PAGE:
Select Launch Studio to open Azure Data Factory Studio and start the Azure Data Factory user interface (UI) application.
The studio shall be opened on a separate browser tab.
Steps to create a warehouse in Snowflake account:
Login to your Snowflake account
Create a schema, database, and virtual warehouse.
Execute the below query to create an x-large warehouse in Snowflake where compute_wh is the warehouse name.
create or replace warehouse compute_wh with warehouse_size=’X-SMALL
Create a pipeline:
Once we landed on the home page of the Data factory, we can see multiple options either to ingest, orchestrate or transform the data based on the user’s requirement.
To perform the ingestion of data, we need to create * A linked service * A pipeline * A data set.
Linked service forAzure Data Lake Gen 2: * Under the Manage tab, click on the linked services, and click New to create one.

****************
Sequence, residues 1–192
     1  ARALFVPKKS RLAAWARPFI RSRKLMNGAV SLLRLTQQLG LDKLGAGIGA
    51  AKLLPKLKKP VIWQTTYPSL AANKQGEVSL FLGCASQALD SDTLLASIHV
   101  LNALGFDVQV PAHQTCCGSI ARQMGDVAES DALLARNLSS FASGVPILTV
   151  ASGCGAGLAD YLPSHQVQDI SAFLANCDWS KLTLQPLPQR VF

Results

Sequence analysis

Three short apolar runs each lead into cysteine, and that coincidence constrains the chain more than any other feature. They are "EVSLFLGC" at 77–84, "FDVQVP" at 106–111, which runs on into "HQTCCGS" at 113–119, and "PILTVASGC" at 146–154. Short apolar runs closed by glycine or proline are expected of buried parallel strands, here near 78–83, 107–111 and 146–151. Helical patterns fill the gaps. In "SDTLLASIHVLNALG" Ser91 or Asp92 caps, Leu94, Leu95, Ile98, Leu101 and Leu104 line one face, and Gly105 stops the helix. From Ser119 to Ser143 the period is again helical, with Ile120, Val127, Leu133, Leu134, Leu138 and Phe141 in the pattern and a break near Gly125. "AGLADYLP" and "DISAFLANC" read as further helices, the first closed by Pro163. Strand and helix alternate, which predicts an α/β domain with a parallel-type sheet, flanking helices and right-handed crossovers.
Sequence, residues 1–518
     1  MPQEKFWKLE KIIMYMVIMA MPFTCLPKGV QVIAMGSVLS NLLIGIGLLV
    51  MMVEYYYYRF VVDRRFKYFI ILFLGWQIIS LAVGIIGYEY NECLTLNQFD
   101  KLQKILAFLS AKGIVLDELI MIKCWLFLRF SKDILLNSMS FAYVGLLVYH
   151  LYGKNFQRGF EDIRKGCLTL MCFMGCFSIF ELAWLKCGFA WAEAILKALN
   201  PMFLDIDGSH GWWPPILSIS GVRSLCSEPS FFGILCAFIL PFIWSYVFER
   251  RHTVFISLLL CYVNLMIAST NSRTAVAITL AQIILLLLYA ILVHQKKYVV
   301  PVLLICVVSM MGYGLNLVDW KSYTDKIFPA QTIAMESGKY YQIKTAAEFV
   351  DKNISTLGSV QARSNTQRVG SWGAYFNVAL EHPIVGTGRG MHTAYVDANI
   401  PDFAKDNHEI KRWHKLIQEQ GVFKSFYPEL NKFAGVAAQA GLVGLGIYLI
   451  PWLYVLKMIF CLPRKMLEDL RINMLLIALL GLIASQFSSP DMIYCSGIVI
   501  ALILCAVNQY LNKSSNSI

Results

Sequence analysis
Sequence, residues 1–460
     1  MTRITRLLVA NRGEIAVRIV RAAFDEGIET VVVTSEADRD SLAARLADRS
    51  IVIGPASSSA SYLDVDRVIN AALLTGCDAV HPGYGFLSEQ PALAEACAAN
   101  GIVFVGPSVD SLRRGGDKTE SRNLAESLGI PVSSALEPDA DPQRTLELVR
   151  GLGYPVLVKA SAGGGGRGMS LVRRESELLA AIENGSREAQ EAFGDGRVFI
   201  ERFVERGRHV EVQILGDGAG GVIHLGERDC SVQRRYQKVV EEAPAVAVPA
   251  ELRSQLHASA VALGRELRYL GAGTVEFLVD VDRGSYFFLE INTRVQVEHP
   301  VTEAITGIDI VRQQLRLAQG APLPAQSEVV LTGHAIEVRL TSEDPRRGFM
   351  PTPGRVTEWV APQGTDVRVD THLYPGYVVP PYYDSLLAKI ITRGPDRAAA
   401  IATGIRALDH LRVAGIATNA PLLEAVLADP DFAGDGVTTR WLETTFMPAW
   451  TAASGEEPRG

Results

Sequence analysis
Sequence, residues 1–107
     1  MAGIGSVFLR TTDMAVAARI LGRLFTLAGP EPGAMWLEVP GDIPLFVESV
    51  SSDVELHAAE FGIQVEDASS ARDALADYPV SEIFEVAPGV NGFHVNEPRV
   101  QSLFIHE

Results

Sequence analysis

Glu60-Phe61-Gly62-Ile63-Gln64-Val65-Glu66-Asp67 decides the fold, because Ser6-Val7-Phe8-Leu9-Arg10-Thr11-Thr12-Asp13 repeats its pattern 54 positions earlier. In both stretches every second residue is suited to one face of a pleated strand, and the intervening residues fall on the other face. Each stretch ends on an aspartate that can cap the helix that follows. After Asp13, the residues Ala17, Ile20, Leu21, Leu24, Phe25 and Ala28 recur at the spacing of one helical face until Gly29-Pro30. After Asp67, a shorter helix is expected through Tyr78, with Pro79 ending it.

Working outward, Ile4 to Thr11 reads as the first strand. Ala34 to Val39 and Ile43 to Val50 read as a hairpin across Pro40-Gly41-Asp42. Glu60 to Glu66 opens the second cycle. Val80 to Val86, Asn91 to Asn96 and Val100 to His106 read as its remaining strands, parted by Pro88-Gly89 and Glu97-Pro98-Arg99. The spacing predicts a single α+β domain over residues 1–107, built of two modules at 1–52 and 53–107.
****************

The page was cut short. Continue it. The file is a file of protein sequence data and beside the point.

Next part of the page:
* Since our source is Azure Data Lake Gen 2 and the destination is Snowflake, we shall create a linked service for both Azure Data Lake Gen2 and Snowflake.
* Firstly, let’s look at the creation of Azure Data Lake Gen 2 Linked Service.
* Search the required resource in the data store and click on continue.
* Enter the Name of the linked service and select the authentication type and storage account name either enter manually or from an Azure subscription.
* Test the connection and once it is successful, click Create.
Linked service for Snowflake: * Now search for Snowflake in Data Store.
* Provide the account name, and username and select the kind of authentication. * Give the database and warehouse name which is created in the snowflake initially.* Test the connection and once it is validated, click on the Create option. * We have successfully created two linked services i.e., Azure Data Lake Gen2 and Snowflake.